Clickjacking (User Interface redress attack, UI redress attack, UI redressing) is a malicious technique of tricking a Web user into clicking on something different from what the user perceives they are clicking on, thus potentially revealing confidential information or taking control of their computer while clicking on seemingly innocuous web pages.[1][2][3][4] It is a browser security issue that is a vulnerability across a variety of browsers and platforms. A clickjack takes the form of embedded code or a script that can execute without the user's knowledge, such as clicking on a button that appears to perform another function.[5] The term "clickjacking" was coined by Jeremiah Grossman and Robert Hansen in 2008.[6] Clickjacking can be understood as an instance of the confused deputy problem, a term used to describe when a computer is innocently fooled into misusing its authority.[7]


Clickjacking is possible because seemingly harmless features of HTML web pages can be employed to perform unexpected actions.

A clickjacked page tricks a user into performing undesired actions by clicking on a concealed link. On a clickjacked page, the attackers load another page over it in a transparent layer. The users think that they are clicking visible buttons, while they are actually performing actions on the hidden/invisible page. The hidden page may be an authentic page; therefore, the attackers can trick users into performing actions which the users never intended. There is no way of tracing such actions to the attackers later, as the users would have been genuinely authenticated on the hidden page.

A user might receive an email with a link to a video about a news item, but another valid page, say a product page on Amazon.com, can be "hidden" on top or underneath the "PLAY" button of the news video. The user tries to "play" the video but actually "buys" the product from Amazon.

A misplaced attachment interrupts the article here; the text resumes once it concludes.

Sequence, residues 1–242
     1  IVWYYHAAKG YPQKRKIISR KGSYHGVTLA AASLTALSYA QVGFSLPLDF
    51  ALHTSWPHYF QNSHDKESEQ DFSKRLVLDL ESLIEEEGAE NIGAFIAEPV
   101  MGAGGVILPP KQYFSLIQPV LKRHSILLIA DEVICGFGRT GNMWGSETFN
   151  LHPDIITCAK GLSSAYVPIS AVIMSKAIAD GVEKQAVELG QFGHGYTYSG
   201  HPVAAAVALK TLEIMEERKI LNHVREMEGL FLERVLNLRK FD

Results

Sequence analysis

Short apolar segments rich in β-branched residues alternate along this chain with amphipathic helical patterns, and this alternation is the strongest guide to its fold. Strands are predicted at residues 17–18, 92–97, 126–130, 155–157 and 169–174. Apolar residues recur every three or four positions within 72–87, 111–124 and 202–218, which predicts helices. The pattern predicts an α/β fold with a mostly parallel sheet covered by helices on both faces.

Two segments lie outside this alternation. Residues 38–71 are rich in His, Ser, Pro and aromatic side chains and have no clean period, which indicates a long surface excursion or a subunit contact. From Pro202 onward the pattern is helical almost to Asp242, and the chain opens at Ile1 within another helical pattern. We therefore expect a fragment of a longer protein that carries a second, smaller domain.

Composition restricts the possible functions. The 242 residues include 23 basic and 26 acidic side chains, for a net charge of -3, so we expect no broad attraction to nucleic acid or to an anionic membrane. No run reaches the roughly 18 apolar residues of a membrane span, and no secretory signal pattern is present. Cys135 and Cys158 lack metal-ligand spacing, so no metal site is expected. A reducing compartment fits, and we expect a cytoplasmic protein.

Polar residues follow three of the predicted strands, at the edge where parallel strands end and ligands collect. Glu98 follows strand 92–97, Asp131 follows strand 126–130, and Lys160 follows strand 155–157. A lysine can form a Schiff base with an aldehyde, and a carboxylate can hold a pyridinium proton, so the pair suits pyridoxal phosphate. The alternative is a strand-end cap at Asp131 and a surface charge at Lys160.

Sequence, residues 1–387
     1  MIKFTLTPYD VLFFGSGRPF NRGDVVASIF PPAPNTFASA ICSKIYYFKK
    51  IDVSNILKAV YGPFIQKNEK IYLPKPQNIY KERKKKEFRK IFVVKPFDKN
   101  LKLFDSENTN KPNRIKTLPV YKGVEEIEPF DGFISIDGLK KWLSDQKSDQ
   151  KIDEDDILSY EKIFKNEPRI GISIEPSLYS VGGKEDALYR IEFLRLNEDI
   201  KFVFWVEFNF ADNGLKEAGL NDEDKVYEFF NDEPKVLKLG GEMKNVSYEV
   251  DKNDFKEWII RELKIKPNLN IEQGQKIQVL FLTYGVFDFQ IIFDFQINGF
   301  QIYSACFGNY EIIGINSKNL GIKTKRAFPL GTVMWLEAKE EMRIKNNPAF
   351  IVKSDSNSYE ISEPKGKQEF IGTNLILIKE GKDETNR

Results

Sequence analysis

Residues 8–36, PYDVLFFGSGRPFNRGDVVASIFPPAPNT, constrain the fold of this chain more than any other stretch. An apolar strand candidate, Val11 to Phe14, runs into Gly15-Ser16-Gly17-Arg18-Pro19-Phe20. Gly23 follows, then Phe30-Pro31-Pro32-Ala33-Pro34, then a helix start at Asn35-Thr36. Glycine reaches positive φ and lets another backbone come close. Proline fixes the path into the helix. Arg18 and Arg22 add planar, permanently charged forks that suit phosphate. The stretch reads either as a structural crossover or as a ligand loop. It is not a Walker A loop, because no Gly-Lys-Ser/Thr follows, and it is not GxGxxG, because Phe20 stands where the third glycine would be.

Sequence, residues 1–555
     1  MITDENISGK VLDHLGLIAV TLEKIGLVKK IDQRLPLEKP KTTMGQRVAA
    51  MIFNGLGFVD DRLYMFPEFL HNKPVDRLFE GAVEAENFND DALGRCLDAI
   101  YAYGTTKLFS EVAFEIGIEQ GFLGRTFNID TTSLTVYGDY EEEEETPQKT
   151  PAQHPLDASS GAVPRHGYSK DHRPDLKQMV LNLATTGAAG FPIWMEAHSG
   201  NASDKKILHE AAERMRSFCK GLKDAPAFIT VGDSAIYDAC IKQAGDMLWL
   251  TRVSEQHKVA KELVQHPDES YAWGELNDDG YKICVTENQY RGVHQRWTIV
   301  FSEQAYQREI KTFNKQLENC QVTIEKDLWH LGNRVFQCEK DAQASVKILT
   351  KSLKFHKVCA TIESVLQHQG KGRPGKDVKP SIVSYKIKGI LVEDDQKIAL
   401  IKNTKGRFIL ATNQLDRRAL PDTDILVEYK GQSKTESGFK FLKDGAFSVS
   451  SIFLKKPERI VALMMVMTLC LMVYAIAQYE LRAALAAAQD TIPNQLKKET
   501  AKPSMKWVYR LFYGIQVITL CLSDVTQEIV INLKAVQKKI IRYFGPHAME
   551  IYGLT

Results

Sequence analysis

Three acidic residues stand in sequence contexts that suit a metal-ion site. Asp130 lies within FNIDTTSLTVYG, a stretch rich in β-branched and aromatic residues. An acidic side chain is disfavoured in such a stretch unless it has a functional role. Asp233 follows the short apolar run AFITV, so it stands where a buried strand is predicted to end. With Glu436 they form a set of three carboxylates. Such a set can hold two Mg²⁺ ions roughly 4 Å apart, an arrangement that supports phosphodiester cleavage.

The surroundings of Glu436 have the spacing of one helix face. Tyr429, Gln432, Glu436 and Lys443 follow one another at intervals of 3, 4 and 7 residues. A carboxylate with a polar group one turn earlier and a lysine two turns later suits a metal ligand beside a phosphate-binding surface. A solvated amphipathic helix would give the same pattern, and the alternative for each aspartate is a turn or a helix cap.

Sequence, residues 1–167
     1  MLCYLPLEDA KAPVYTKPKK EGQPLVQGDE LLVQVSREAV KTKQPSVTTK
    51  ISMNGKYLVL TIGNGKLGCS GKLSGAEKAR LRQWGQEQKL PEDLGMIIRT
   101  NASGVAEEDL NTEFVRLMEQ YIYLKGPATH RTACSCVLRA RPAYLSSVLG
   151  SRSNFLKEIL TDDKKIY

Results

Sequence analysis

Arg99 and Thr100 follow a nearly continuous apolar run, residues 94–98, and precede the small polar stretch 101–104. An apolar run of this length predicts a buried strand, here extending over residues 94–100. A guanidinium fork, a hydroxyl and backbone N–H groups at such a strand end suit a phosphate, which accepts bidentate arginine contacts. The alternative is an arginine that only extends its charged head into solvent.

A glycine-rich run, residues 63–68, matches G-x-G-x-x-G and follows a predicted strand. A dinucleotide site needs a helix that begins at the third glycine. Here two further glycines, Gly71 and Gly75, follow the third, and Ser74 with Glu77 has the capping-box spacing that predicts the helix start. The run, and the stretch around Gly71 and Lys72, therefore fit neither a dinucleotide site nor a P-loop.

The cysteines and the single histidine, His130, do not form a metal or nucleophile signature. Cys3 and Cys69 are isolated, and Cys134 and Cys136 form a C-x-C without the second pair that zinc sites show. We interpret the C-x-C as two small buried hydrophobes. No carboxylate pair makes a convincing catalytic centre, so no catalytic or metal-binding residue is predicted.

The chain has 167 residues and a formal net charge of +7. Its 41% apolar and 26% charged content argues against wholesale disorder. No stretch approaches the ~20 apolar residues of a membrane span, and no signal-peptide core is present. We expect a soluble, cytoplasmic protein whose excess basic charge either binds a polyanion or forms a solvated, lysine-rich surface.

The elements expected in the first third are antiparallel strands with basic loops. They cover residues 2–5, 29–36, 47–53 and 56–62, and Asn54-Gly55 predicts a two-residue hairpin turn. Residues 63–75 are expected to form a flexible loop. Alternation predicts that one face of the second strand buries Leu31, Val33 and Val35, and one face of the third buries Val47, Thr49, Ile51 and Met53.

Other known exploits include:

    Tricking users into enabling their webcam and microphone through Flash (though this has since been fixed since originally reported)[citation needed]
    Tricking users into making their social networking profile information public[citation needed]
    Making users follow someone on Twitter[8]
    Sharing links on Facebook[9][10]
    Getting likes on Facebook fan page[citation needed]
    Making illegal revenue from Google Adsense program[citation needed]

While technical implementation of these attacks may be challenging due to cross-browser incompatibilities, a number of tools such as BeEF or Metasploit Project offer almost fully automated exploitation of clients on vulnerable websites. Clickjacking may be facilitated by - or may facilitate - other web attacks, such as XSS.[11][12]


How to deal with Clickjacking?

The X-Frame-Options response header

The X-Frame-Options HTTP response header can be used to indicate whether or not a browser should be allowed to render a page in a ,